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GIRDERS 40. Description and Classification. A girder may be designated as a girder or a plate-girder, and each of these classes are again divided into simple and box girders. These and all girders may be divided into deck and through girders. A girder is a beam which consists of a channel, or an I-beam, or any other single rolled shape.

A plate-girder is a beam which consists of a plate called a web plate, with a combination of angles, or one or more plates and angles, riveted on the outer edges. These are called the flanges. The angles are called the flange angles, and the plates are called flange-plates or cover-plates. In case the web is deep, angles are riveted ver tically on its sides at intervals along its length. These are called stiffener angles. Fig. 50 gives sections of plate-girders; and Fig. 51 gives a side view of a plate-girder with cover-plates. These cover-plates are not always the same length, for reasons that will be explained later. At the ends of one of the plate-girders, are small plates which are placed between the girder and whatever it rests upon. These are called masonry plates or wall-plates.

When two girders or plate-girders are placed close together and riveted up, they form a box girder. Fig. 52 gives sections of box girders, and (C 152-156, 161, and 162) are tables giving the carrying capacity of box girders when loaded uniformly. Box girders are much used in building work to carry walls and elsewhere where uniform loads come upon them; but they are seldom used for concentrated loads, on ac count of the fact that beams cannot be connected to their webs, as the riveters cannot get tools inside to rivet up the connections, and, if the beams rest on top of them, one side is liable to bend more than the other, and the stress will be far greater than that for which they were de signed.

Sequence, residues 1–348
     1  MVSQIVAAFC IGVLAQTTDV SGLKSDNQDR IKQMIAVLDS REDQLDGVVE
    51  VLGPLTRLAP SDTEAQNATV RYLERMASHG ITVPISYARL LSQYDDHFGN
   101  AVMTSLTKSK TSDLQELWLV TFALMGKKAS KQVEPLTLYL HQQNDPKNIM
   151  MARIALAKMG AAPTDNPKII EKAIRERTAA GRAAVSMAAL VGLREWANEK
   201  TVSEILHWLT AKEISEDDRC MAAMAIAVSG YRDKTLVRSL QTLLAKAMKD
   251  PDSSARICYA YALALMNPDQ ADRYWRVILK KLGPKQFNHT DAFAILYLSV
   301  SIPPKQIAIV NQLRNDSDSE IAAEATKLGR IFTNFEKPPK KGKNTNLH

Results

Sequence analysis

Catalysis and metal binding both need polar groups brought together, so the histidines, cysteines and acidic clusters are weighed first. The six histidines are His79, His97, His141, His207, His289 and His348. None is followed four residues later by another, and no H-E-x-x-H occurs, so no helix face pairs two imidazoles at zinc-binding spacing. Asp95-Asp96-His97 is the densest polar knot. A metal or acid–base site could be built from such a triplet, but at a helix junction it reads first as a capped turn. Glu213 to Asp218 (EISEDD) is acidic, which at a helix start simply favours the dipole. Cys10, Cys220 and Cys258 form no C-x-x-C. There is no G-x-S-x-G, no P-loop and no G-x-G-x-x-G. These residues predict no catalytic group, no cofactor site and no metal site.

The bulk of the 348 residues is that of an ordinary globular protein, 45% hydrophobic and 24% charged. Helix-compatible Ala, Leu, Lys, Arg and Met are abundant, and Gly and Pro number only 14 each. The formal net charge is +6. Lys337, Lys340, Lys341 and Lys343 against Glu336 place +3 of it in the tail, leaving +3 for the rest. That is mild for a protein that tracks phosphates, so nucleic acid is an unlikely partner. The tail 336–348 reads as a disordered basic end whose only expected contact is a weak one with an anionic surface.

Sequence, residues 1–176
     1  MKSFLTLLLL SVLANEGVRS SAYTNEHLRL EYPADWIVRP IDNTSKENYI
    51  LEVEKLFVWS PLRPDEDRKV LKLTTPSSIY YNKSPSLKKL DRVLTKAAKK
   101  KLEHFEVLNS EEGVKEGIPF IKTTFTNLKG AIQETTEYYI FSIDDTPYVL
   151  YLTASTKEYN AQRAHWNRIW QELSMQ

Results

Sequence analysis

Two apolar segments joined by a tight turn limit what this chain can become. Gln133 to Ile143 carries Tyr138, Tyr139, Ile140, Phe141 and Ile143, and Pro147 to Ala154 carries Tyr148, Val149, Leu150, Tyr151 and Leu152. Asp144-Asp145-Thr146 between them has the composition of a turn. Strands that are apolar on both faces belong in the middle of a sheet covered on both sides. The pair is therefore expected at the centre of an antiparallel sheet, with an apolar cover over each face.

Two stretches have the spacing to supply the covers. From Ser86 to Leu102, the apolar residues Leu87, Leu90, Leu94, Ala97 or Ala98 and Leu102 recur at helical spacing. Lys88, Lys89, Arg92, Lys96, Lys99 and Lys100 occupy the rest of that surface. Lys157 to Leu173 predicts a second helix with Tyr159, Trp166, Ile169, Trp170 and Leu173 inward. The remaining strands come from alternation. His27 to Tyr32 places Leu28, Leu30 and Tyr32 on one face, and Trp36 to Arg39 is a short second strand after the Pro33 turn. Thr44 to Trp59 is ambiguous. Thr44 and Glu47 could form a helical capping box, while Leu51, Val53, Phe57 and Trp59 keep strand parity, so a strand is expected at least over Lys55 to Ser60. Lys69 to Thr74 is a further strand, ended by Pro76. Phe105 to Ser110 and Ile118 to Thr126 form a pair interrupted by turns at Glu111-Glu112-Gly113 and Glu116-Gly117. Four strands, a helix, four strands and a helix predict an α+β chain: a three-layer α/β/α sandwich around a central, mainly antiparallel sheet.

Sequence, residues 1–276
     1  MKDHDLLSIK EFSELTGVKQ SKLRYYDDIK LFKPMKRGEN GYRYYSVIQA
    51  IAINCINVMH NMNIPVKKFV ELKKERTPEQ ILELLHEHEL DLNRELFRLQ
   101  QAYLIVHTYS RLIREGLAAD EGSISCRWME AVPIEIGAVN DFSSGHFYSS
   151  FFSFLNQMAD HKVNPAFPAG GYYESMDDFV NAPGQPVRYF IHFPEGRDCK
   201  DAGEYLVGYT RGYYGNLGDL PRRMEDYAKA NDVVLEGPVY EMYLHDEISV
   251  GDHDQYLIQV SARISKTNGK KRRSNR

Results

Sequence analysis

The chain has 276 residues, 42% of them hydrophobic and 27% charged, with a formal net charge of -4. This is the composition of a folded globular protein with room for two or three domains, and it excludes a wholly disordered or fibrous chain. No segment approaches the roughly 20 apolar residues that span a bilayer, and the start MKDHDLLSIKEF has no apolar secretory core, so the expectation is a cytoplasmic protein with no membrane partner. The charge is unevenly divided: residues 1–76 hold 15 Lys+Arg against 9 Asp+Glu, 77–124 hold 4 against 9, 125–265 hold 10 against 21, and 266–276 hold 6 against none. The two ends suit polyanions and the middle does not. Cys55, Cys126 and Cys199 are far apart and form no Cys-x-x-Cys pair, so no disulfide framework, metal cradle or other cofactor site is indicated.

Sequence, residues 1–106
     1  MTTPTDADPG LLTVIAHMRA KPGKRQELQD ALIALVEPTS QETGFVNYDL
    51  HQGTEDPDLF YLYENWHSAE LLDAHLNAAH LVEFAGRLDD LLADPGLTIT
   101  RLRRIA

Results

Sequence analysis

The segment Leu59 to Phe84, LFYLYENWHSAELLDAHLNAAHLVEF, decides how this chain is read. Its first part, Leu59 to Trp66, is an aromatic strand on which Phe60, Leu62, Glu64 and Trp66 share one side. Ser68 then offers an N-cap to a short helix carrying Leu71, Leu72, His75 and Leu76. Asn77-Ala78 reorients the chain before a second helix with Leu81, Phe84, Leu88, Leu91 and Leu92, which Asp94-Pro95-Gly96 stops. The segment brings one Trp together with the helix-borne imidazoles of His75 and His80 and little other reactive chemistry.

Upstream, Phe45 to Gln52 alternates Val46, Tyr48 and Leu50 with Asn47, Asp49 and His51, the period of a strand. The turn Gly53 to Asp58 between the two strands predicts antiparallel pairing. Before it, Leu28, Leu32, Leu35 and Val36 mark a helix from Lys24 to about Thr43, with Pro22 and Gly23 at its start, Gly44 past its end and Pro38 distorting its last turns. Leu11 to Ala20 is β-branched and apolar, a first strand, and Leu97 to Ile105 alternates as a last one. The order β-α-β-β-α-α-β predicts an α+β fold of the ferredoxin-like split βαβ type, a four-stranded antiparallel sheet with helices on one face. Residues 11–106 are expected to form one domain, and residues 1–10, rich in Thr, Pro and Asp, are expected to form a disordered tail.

41. Design of Girders. Since box girders should be used for uniform loads only, and since the unit-stress (C 152-162) of 15,000 pounds per square inch is good practice, no other method except that of the handbook will be given here.

Suppose that the distance center to center of columns was 20 feet, and that the girder was to carry an 18-inch brick wall 30 feet high. In (C 58) it is found that such a wall weighs 168 pounds for each square foot of wall surface.

The total weight carried is, then, 30 X 20 x 168 =100,800 pounds. To reduce this to tons, divide by 2,000, the number of pounds in a ton. This . gives 100,800 -4- 2,000 ----- 50.4 tons. In (C 154) under the 15-in. 42-pound box girders with two 14-in. by plates, it is found that for a span of 20 feet the girder will carry 53.04 tons, includ ing its own weight, which, according to the sec ond column, is 1.47 tons. This gives a net carry ing capacity of 53.04-1.47 =51.57 tons, which is as close as we can get. This beam will be used.

For a good example in design, see (C 151). An inspection of the box plate-girders shows that they are all too heavy for the load and span as given above.

For example, suppose that the wall to be car ried in a certain case was 381,620 pounds, and that the span was 35 feet. The load is 381,620÷ 2,000=190.81 tons. On the right-hand side of (C 162), across from the span of 35 feet, is found 188.10 tons in the first column. The girder weighs 6.43 tons, so that the net carrying capa city is 188.10-6.43=181.67 tons. In the third column it is seen that if the flange plates are in creased in thickness 1/16th inch, the girder will carry 10.45 tons more, thus making a net capa city of 181.67+10.45=192.12, which, being slightly greater than the required capacity of 190.81, shows the section is all right. The girder section will now be: 2 web plates 42 in. by .1 in.; 4 angles 5 in. by 3-1. in. by in.; 2 cover-plates 30 in. by in.

The increasing of the cover-plates 1/16th inch, also, as noted in the extreme right-hand column, increases the weight of the girder 0.22 ton. This is too small to be considered, and should be used only in computing the weight of the girder to see how much it would cost.